Ethan Chessin conducting the choir

Ethan Chessin conducting the choir

Phoebe Flanagin / OPB

It’s 7:05 a.m. on a Friday morning, but the students getting ready for choir practice inside the Camas High School theater building are wide awake.

Instead of practicing the same old choir tunes by long-dead composers, they’re rehearsing a series of new compositions written for the choir by four composers from around the globe, including local indie rockers Sama Dams and Alan Singley. The 150-student-strong choir will join with the two bands on April 18 for a concert called “Joined Voices” at the First Congregation Church in downtown Portland

“The rationale,” says choir director Ethan Chessin, “was [this]: in English class you study Hamlet, but you also learn to write essays. Why is it that in music class we just perform works that have already been composed – we just study the master works? Why don’t we give the students the tools to write their own music?”

Chessin is a slight man with a shock of dark, curly hair, and an easy smile. If it weren’t for the suit and tie, he’d blend right in with his students. He has taught at Camas High School since 2011, but before that, he was touring with March Fourth Marching Band and directing a rock opera chorus.

The idea to bring in some of those old friends was sparked by an unexpected run-in with local pop artist Alan Singley. Last January, Singley showed up to one of Chessin’s choir concerts. He says he saw the invite on Facebook.
Singley says he’d been thinking about a choral composition after a recent trip. “I went to the national cathedral, and I saw a choir sing there with my mom, and I was like, I wanna do choir next,” says Singley. “And then also I wanted to work with a high school.”
So, they decided to team up. Chessin would commission choral compositions from Singley and a handful of other indie artists; the choir, in turn, would get to see what the composition process looks like. They’d give feedback, write some songs themselves.
Chessin sought out four very different composers to work with. There’s music from local indie band Sama Dams. There’s an experimental piece by Aldo Rohlfs, who makes music and films down in Mexico, but has a daughter in Camas.
“The name of that piece is ‘Universal Language,’” Chessin explains. “He wrote it for us completely blank, so the students actually came up with all of the lyrics. Some of it are names of people in the choir. Some of it are just sounds they like.”
The third composer is Wendy Spitzer, AKA Felix Obelix. She and Chessin go way back – they actually went to camp together when they were kids. These days Spitzer’s living in Prague, but she skyped in with Chessin’s women’s choir to hear what sort of composition they wanted to sing. Chessin says, their message was clear: “We like being in choir, but women’s choir is boring. And we only get to sing about the sweet, happy, lovey things. We want to do the fun stuff that the men’s choir get to do.”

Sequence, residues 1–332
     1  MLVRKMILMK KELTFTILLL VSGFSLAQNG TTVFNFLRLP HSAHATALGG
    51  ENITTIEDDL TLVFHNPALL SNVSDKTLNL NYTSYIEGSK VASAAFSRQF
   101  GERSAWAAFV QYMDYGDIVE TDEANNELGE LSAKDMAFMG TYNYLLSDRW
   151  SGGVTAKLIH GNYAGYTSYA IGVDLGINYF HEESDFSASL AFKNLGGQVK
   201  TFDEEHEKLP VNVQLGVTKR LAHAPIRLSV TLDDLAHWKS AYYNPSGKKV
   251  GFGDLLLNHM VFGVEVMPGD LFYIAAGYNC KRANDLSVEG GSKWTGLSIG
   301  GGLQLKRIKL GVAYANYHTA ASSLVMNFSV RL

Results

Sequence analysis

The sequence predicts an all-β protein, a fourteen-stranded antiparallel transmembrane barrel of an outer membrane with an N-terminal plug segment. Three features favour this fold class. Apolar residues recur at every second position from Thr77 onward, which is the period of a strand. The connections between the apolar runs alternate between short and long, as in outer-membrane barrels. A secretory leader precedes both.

In response, Spitzer wrote something that sounds like nothing else. It’s rock music, it’s spooky, it’s angry – and it’s about topics that young women’s choirs don’t often sing about: violence and relational aggression. Spitzer also wrote a 16-page history of a Czech Republic church that’s decorated entirely with human bones.
And then, of course, there’s Alan Singley, who composed four pieces for the group, including a couple of adaptations of Gary Snyder poems. “The experience has been very educational, as I don’t actually have a degree in any of this” he says. “So I had to get a book about how to arrange for a choir from the library.”

And as Singley and the other musicians learn how to adapt lyrics and arrange for the choir, the students at Camas High School get a front row seat in the process.

“Alan Singley talked about how it’s like a block of ice, and you just chip away until you’ve got the whole sculpture,” explains Junior Jonah Bates. “But Wendy likes to start at the bottom and slowly add it all together until you have this huge piece.”
These pieces don’t really sound like a high school choir. but they’re not exactly indie rock either. It’s something new and unpredictable, which, Chessin says, is the whole point.
“It’s so easy to just go and perform and have your parents show up and say, ‘Oh that was nice, let’s go out for TCBY!’ But I want them to get in their cars with their parents driving home afterwards and for their parents to go ‘wow, what was that!?’”
The Camas High School Choir will take the stage with Alan Singly and Sama Dams for the “Joined Voices” performance on Saturday, April 18th at the First Congregational Church in downtown Portland.